This painting perfectly illustrates my great~grandmother’s kitchen in Cloverdale, California many years ago.
Let me tell you a story of a long~ago Thanksgiving…
As a very young child, I clearly remember her fragrant and busy kitchen on the momentous occasion.
It was a trip we made only on Thanksgiving.
Perhaps my father detested the ritual or, more likely, his uncles in attendance.
it was an exciting day for a little girl of 5 or 6 like myself.
Entering her old Victorian house on Main Street,
the wonderful smell of baking pies, a fat turkey roasting along with everything else she had been cooking for days, came steaming forth to greet me.
I ran through the creaking screen door, held open by a relative I didn’t know, straight to the back of the house.
Her kitchen was the heart of the place and where I wanted to be.
It came complete with a pie~rolling table (I have one too), the strange green wallpaper AND ceiling, the single light fixture, the checkered floor and the big black wood stove.
The large women, relatives whom I do not recall, wore full aprons in cotton calicoes trimmed in lace with straps that crossed in back.
There were never women who were thin!
My brothers and myself were the only children in attendance and often embraced into ample bosoms that bordered on suffocation!
The pie dough never went to the cat as in the painting (horrors!) but was rolled out and baked with a goodly portion of cinnamon and sugar on top.
Much better than deviled eggs or olives!
To this day, if I make pies, the “doughies” must also be made!
One year and perhaps the last meal I enjoyed there, we arrived a day early, staying with my grandmother who lived down the road and around the corner. My entire family lived either in this small town or one nearby. I had walked over to my great~grandmother’s house for a surprise visit,
“in the act”.
Can you guess what she was doing?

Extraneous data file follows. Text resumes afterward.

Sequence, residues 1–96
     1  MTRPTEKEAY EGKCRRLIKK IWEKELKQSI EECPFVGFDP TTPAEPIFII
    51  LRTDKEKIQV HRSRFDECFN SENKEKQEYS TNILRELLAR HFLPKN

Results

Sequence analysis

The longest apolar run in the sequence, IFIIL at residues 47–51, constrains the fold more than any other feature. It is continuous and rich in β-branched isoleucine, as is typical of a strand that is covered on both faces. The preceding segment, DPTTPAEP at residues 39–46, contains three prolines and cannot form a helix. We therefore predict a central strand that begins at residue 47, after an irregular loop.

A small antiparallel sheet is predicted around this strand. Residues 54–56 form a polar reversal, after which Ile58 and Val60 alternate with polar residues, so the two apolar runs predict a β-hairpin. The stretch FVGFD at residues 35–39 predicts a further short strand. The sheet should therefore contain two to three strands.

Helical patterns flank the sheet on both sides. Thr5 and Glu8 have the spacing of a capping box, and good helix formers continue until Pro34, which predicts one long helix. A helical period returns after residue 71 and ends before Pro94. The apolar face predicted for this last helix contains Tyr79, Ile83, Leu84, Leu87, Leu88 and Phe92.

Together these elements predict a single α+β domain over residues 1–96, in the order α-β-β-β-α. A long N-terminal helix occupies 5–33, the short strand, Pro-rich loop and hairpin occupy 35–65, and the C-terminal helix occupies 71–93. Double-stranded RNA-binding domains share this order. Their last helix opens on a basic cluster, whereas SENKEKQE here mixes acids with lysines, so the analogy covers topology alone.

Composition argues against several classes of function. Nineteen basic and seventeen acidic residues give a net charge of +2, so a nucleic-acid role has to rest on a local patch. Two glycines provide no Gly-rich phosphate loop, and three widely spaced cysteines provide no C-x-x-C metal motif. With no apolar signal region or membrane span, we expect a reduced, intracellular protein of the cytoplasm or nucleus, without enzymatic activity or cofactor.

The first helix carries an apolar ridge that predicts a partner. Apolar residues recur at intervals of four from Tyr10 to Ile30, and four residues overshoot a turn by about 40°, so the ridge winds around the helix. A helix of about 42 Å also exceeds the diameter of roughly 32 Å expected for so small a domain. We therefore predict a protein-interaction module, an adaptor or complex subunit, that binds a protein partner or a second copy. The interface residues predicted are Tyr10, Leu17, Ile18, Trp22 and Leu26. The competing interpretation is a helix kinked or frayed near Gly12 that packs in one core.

As she inexplicably chased her turkeys and chickens
in the yard, I noticed her sharpened axe laid next to the chopping block, a large old stump of a tree.
She lived happily alone.
Her drunken husband wandered off years before.
They had lived in a small logging village high above the sea and it was rumored
“he fell off a cliff thus never knew what hit him…”
She was an independent woman.
She enjoyed her mother’s small pipe laced with cherry tobacco, rocking in her chair on the front porch. She often muttered about “Damned Yankees…”
And seemingly she liked committing this sinister deed.
She turned to me, her face red and sweating. I can still hear her panting. She simply announced this was to be our dinner tomorrow and asked me to
“Stand over there so he won’t get away this time.”
She may have had a flair for the dramatic.
I remember how skilled she was with that axe and more blood than I’d ever seen. Her many cats came from nowhere as the once proud turkey now headless, stumbled in circles for what seemed like hours.
Afterward he was set to steam in a huge pot on the canning stove she kept on her back porch, making it easier to pluck the feathers clean.
I felt no emotion for the headless fowl in the pot and had moved onto more tasty delights.
We washed up at the big old sink and headed to her berry patch, picking bowls of sweet berries for Thanksgiving pies.
Simple as that.
Shall I tell you about her mincemeat?
To you, kind and faithful readers…
I am grateful for the day I began this blog
because it led me to
As we celebrate Thanksgiving here in the US, may your day be filled with gratitude, love and pie!
Originally penned many years ago…